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If you’re new to baking – or even a baking veteran for that matter – chances are you’ve already stumbled upon an ingredient that left you confused and scrambling to find a substitute. Enter four sugars: granulated sugar, powdered sugar, confectioners' sugar and icing sugar. All common ingredients in the world of baking and ones we often have individual packets of on hand. There is no difference between powdered sugar and icing sugar or between powdered sugar and confectioners' sugar; they are essentially all the same sugar, just called by different names. The difference, however, lies between powdered sugar and granulated sugar.

What Is Confectioners' Sugar?

Products marketed as confectioners' sugar by brands like Dominos are actually made using powdered sugar. Powdered sugar goes by many names, and confectioners' sugar is one of them. It's also often called icing sugar. Powdered sugar is simply made by grinding granulated sugar to a fine powder. So if a recipe calls for confectioners' sugar, just know that it's actually asking for powdered sugar, which is what you need to use.

If you’ve ever stopped to wonder whether you can substitute powdered sugar for granulated sugar, the answer is: Yes, yes you can. But, only in some circumstances, for example if the powdered sugar is made at home.

Varieties of powdered sugar are differentiated by the number of times they have been ground. A "10x" label indicates that the sugar has been ground 10 times, resulting in a very fine powder that dissolves quite easily. Granulated sugar on the other hand, does not dissolve easily and offers a more grainy texture.

Making Powdered Sugar at Home

If a recipe calls for powdered sugar, but all you have in your pantry is granulated sugar, don’t panic. Making powdered sugar at home is a very easy process. Store-bought powdered sugar is usually made by mixing refined sugar with corn starch to prevent caking, so making it at home means you leave the corn starch out of the recipe. Using a blender or spice grinder, pour in the granulated sugar and blend until the sugar turns into a fine powder. If using white granulated sugar, the resulting powdered sugar will be very fine and fluffy. You can store it indefinitely in an airtight container.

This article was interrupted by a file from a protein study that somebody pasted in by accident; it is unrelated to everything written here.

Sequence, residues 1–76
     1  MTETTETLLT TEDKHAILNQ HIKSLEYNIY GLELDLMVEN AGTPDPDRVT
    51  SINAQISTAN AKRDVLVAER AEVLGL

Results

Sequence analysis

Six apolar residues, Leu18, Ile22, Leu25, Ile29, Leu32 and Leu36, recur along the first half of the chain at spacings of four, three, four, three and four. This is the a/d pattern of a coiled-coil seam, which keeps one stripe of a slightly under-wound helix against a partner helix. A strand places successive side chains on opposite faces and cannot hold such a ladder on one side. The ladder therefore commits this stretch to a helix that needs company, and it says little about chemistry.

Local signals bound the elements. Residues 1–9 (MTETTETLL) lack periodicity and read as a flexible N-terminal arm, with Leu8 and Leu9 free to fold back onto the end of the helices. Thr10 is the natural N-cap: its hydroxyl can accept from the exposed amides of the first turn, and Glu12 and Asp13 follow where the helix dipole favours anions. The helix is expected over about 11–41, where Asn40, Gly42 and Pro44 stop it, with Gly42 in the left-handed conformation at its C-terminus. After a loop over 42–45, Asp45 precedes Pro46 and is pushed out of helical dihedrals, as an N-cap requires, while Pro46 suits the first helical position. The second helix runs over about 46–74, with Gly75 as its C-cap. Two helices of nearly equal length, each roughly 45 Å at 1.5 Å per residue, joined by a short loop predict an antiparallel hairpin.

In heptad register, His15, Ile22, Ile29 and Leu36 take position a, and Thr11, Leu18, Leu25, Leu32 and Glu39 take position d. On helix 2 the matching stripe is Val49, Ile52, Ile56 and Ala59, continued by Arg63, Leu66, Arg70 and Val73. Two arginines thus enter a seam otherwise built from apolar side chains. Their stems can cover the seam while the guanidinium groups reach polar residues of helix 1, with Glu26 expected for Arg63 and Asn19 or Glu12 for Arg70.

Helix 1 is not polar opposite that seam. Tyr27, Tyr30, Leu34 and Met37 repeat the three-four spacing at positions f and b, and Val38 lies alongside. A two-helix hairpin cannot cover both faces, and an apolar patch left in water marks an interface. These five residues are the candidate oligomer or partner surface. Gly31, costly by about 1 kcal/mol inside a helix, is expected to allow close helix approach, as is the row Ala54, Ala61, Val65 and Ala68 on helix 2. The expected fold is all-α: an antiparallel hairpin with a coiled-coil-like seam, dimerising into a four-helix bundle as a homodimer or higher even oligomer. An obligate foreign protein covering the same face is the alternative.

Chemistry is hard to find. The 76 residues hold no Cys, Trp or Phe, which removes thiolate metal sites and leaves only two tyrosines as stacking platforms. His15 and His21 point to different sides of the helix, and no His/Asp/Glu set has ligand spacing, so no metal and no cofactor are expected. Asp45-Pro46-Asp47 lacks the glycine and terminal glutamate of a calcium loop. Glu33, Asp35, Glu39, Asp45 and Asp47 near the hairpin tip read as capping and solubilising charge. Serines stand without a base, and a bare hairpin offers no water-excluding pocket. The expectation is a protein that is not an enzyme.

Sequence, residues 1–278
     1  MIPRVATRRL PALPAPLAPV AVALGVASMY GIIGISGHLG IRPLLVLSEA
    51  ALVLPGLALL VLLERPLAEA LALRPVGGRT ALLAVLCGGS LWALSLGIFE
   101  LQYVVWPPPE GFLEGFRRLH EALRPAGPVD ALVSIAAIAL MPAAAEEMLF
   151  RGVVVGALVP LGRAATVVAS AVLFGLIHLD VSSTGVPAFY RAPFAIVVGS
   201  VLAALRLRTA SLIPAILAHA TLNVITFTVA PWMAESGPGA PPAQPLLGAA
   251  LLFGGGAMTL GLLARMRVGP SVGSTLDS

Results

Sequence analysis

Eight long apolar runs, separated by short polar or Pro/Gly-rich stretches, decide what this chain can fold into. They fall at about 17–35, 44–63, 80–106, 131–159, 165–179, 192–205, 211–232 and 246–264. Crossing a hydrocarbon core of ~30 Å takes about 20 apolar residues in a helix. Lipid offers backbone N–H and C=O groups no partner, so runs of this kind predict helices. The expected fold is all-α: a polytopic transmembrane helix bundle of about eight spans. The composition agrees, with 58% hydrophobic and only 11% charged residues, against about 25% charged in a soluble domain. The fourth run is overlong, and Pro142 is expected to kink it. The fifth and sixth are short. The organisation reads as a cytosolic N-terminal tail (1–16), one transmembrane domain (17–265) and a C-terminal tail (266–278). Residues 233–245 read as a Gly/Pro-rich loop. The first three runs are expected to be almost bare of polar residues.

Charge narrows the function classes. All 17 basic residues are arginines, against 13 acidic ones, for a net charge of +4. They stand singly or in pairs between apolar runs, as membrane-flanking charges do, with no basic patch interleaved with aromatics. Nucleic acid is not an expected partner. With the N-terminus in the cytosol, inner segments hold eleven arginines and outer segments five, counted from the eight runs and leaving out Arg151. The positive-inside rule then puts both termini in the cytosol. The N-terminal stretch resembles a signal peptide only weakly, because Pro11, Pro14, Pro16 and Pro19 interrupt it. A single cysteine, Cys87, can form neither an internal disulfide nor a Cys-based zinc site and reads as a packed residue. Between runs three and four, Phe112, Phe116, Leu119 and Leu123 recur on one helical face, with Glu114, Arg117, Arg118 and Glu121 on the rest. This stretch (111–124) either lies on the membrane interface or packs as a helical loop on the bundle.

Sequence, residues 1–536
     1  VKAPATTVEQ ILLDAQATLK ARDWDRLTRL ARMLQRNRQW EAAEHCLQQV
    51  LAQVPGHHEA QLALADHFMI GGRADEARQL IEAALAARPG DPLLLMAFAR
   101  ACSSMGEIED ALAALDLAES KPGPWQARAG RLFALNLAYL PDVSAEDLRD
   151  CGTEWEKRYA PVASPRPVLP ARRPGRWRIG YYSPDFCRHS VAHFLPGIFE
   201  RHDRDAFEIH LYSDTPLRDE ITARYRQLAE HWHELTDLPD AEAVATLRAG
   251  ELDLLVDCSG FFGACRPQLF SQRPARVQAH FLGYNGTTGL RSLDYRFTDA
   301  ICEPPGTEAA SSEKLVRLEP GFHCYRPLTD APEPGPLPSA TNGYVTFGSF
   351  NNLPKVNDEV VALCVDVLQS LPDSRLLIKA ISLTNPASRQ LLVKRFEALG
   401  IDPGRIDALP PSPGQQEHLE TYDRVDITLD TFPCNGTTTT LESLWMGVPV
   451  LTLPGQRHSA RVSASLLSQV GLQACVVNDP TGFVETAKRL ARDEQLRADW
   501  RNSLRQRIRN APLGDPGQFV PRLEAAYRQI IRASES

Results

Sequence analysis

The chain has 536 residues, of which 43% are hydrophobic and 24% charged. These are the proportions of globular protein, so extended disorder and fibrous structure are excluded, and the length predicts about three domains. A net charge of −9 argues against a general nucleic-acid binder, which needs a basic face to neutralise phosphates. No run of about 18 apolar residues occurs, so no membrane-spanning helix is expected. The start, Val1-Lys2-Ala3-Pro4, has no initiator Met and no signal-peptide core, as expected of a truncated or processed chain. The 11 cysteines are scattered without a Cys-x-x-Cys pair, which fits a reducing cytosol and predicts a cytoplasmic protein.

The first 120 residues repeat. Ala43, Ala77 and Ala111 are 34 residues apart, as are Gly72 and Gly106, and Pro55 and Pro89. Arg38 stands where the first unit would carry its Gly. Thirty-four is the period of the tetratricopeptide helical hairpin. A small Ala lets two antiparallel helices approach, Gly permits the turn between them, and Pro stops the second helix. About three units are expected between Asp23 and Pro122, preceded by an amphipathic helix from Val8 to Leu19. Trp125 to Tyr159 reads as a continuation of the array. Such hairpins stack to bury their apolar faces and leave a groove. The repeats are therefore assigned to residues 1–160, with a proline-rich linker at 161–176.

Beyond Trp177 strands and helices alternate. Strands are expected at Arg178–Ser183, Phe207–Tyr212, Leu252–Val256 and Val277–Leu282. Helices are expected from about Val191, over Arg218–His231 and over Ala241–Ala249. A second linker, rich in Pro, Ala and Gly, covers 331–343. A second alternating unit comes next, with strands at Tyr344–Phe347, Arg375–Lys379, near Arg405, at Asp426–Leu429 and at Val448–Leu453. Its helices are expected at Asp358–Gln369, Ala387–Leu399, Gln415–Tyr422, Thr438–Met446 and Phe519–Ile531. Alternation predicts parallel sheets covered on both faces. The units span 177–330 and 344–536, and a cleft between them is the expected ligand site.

Difference Between Powdered Sugar and Granulated Sugar

The major difference between powdered sugar and granulated sugar is in the size of their particles. Granulated sugar particles are bigger and formed from large sugar granules. Powdered sugar, on the other hand, has been blended to a fine powder and is lighter and less dense. Two tablespoons of granulated sugar will produce approximately 1/4 cup of powdered sugar.

Substitute Powdered Sugar for Sugar

It’s important to note that your output of powdered sugar will be more than your input of granulated sugar. While this may be fine when making a big batch, it can become an issue for individual recipe substitutions. You require approximately half as much granulated sugar as powdered sugar. So for example, if a recipe asks for 1 tablespoon of granulated sugar, you can substitute it with 2 tablespoons of powdered sugar with no change in the overall sweetness of your recipe.

Keeping this in mind, you can successfully use homemade powdered sugar instead of granulated sugar in both tea and coffee. A good rule of thumb is to start off with less powdered sugar and add more after you taste it to make sure it’s not too sweet. Store-bought powdered sugar (often marketed under the name confectioners' sugar), on the other hand, will leave an odd aftertaste due to the presence of corn starch and is not recommended for use.

However, while some recipes use powdered sugar with corn starch to help thicken the sauces, others, like a cooked sauce, may end up too thick and not the desired consistency if using store-bought powdered sugar. Powdered sugar is also not a good substitute for recipes that need air incorporated into a batter, for example, when you're creaming butter and sugar together. Bigger sugar granules are necessary in the dough-making process, as granulated sugar absorbs water and has a larger surface area for tenderizing the mixture.

About the Author

Christabel Lobo

Christabel Lobo is a freelance writer focusing on all-things food, travel, and wellness. Her writing has appeared in Tenderly, SilverKris, Byrdie, Trivago, Open Skies, Fodor’s, London’s Evening Standard, Silkwinds, HuffPost, Barclays Travel, Pint Size Gourmets, and on her personal yoga & travel blog, Where’s Bel. Feel free to check out her design and writing portfolio: christabel.co